I spent a few years as the oldest of three children with a widowed mother. Then I spent many more years as a middle child when mom married a widower with two of his own. The oldest of those two became the oldest of all us kids and there were many nights when I woke up with a bloody nose or scared or sick, that I knocked on her door and pushed her into the mom role. I’m still not sure why us younger kids woke her rather than mom or dad, but we did.
Yesterday I called and got her answering machine and her message began the expected way,’hello, this is…’ but after she said the name I know her by, she continued with her full formal name that some call her, and then followed that with sister, mom, and all the labels for the various roles she has had in life.
I loved that message. And it made me think of those roles, those labels, the parts we play in life. I wondered if those labels ever fully define us. I’m not sure they can because each is simply a piece of us, obviously.
And that, of course, eventually led to writing, as most of my mental meanderings do. I wondered if this could be a tool for avoiding cardboard characters. If I think of every label my character could live under, each role that is played depending on the person applying the label, then I believe I would have a fully fleshed character. Because that character is going to react differently depending on the label applied at that moment.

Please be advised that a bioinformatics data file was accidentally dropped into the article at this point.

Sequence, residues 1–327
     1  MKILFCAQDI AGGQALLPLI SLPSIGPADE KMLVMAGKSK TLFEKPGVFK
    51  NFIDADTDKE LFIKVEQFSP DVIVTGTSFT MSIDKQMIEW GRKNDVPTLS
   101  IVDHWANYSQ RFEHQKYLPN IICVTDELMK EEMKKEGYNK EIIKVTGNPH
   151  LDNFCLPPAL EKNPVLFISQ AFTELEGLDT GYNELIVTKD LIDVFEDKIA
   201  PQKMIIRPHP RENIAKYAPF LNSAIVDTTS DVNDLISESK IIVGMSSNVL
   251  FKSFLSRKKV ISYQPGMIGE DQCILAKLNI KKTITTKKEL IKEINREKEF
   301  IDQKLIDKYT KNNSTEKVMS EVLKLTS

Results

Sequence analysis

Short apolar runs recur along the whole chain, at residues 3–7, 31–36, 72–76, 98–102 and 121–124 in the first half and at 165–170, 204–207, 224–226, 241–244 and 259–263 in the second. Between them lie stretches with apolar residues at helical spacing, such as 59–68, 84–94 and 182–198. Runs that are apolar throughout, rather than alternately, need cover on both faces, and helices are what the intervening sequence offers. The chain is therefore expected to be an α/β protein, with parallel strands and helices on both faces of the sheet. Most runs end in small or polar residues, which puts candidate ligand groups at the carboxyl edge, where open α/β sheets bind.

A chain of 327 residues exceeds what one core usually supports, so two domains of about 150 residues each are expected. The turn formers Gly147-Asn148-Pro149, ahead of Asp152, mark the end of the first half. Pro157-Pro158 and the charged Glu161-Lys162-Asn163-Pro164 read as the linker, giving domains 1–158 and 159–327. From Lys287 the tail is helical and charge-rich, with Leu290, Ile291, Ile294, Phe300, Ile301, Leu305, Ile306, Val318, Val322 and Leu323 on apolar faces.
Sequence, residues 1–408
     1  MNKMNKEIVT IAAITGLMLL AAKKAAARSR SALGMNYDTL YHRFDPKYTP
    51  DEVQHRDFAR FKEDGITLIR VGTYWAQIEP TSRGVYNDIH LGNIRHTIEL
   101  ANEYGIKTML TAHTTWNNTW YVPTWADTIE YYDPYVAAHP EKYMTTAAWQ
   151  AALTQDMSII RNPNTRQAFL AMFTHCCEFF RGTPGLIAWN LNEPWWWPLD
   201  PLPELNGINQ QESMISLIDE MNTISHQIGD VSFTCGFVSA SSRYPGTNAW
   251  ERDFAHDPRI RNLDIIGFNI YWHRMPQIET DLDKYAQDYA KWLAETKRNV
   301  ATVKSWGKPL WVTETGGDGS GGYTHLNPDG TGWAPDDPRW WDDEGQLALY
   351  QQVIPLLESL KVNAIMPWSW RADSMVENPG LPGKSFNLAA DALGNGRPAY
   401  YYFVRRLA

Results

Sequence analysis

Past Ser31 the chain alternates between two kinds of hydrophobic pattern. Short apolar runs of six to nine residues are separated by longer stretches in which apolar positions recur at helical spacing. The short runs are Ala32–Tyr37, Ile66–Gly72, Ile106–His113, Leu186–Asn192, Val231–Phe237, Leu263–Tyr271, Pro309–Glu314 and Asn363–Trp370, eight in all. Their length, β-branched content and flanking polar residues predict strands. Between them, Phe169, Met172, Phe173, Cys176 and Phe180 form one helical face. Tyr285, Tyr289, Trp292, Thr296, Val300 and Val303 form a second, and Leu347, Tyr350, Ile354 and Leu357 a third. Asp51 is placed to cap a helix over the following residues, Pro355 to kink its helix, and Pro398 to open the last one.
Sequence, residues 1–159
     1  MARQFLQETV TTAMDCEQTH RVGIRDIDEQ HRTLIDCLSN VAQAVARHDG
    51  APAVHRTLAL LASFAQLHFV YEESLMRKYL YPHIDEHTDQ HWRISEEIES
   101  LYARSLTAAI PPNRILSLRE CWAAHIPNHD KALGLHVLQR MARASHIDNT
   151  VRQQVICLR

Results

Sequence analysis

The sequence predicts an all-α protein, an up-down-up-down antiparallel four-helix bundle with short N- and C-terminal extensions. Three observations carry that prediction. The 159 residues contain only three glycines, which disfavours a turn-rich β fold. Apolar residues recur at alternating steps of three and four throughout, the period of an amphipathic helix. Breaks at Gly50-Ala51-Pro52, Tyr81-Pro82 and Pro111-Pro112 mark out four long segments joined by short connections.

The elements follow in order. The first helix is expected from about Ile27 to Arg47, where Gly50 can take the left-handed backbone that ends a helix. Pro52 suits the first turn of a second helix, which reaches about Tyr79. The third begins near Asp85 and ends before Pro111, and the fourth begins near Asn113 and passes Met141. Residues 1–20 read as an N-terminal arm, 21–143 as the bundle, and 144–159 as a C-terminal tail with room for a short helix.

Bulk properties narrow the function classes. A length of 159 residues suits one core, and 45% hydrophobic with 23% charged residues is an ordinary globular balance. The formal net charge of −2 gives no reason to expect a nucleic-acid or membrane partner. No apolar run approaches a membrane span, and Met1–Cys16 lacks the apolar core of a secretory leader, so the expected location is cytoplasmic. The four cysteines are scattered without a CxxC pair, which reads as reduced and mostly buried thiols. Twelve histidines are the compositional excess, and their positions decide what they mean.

Plus, with each label comes conflicts, multiple backstories, dreams, hopes, happiness…think about it. I’m going to have a completely different set of tensions and conflicts as mother, wife, sister, and even dog owner. Each separate set of conflicts meshes to create me, but I react differently to stress as a mother than stress as a dog owner.
So, not to belabor the point as it’s obvious I’m sure, but I think for future stories I’ll keep this in my writer’s toolbox as one more way to help create real, believable, fully developed people.
And then I think I’m going to give my sister another call.